Where Is All the Linux Going?
When "Linux company" was still a category, there was no shortage of news. Nothing posed a bigger threat to Microsoft, and all the companies in Tier 1 on the stock page at LWN did their best to generate publicity.
Today Microsoft still considers Linux its number one threat, but without a suitably huge proponent, no news ensues.
Yet Linux adoption continues to grow. John Gantz, chief research officer for International Data Corp. , says IDC expects 2002 to be a "breakout year" for Linux--against projected modest growth in IT spending.
So the question becomes, where is all the Linux going?
Gantz points to embedded and high performance applications, along with space-saving "blade" server designs. But is that all? I didn't think so, but I didn't run across the evidence to back up my hunches until I got on the phone a couple days ago with Mary Anne De Young of 1mage ("One Image"), a document management and retrieval company. 1mage makes software that sells to, and resells through, large industrial companies. One of their largest, for example, is Reynolds & Reynolds, a 135-year company that supplies technology to car dealerships. If you're a car dealer who needs to manage a lot of paper files in a paperless way (and do lots of other stuff you need software for), your supplier is Reynolds & Reynolds. They're the big boys in that business.
After 1mage began shipping its software on Linux, De Young told me, sales went through the roof. Why? Because 1mage's customers are constantly looking for ways to cut costs, remove hassles and improve reliability. Linux filled the bill all three ways, and Reynolds & Reynolds is just one of those companies. Right now they're shipping thousands of new systems out to car dealers, all running on Linux.
De Young says, "We announced that we were running on Linux in 1999. I would say that ninety percent of all our installations since that date have been Linux. Everybody wants Linux." Why? Here are some of the virtues mentioned in my notes from our conversation: "flexibility", "lower cost of entry into markets", "tinkerers--technically smart people who love to get in and tinker with the technology--love Linux".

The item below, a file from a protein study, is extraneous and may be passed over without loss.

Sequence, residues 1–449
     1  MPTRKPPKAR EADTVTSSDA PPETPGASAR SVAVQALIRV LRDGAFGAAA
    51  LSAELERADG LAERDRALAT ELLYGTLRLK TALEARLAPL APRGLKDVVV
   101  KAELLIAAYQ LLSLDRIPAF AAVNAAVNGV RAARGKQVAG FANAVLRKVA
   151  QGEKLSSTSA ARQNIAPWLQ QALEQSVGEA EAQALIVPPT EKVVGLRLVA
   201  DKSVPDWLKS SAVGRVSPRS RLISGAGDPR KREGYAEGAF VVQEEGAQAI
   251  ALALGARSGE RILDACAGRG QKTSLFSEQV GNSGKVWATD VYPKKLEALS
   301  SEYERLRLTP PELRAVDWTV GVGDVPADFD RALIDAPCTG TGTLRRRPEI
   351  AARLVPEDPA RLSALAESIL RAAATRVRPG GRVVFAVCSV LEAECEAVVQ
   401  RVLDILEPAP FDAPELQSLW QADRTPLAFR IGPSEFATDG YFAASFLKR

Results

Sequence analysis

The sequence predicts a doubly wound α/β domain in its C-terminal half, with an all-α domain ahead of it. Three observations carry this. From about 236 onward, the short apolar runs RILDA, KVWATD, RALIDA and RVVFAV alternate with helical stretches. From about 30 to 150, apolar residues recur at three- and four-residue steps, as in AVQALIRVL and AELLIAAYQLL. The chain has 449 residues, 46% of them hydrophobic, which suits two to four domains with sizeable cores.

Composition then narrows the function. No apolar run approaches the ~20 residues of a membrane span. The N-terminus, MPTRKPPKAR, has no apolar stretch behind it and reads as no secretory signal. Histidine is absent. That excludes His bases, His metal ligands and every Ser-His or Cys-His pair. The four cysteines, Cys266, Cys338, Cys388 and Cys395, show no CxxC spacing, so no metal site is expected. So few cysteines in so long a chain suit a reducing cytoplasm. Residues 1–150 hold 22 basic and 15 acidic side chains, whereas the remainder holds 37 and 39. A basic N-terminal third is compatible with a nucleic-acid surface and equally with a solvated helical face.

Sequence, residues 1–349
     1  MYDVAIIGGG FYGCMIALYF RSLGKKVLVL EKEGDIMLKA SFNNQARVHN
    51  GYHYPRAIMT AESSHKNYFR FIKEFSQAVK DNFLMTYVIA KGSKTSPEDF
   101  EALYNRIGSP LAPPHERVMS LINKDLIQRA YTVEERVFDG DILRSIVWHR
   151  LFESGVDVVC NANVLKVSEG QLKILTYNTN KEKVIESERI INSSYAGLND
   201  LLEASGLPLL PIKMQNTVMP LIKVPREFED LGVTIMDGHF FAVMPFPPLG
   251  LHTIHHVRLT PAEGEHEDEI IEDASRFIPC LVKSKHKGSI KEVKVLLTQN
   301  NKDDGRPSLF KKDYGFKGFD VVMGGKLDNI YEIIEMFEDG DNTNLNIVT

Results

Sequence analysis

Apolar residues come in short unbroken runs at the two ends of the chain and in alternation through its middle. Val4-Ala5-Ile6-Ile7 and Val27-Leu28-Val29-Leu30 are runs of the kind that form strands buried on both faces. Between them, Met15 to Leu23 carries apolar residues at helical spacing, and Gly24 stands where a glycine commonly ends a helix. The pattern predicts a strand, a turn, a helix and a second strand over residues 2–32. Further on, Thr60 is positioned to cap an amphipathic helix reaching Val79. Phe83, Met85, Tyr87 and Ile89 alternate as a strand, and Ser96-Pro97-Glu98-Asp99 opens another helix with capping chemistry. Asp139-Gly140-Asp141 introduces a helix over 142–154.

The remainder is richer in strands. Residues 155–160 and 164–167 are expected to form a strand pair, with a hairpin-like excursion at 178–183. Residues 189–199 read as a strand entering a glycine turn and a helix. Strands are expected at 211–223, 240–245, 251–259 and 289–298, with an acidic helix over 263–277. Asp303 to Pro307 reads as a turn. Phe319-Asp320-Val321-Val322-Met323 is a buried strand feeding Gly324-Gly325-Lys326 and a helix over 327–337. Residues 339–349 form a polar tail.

Linux-based "solutions", she says, sell increasingly well against systems that run on "sealed box" OSes from Microsoft. This also ties to another big issue with customers: "viruses". These are a huge and growing problem on Microsoft-based systems, and no problem at all on Linux.
One customer at the University of Georgia told De Young "your product has 95% of the features" he wanted, "at only 20% of the cost." And the difference was Linux. In fact, he said the University had saved enough on the sale that he was able to buy everyone in the department a flat screen monitor, plus other goodies.
The bottom line: Linux is going into a lot of vertical applications, and it's being adopted by a lot of big, old companies with customers who are not sexy enough to show up on the what's-hip radar but who move a huge part of the economy.
If you have any more stories like that, let us know.
Doc Searls is Senior Editor at Linux Journal.
Doc Searls is Senior Editor of Linux Journal
Practical Task Scheduling Deployment
One of the best things about the UNIX environment (aside from being stable and efficient) is the vast array of software tools available to help you do your job. Traditionally, a UNIX tool does only one thing, but does that one thing very well. For example, grep is very easy to use and can search vast amounts of data quickly. The find tool can find a particular file or files based on all kinds of criteria. It's pretty easy to string these tools together to build even more powerful tools, such as a tool that finds all of the .log files in the /home directory and searches each one for a particular entry. This erector-set mentality allows UNIX system administrators to seem to always have the right tool for the job.
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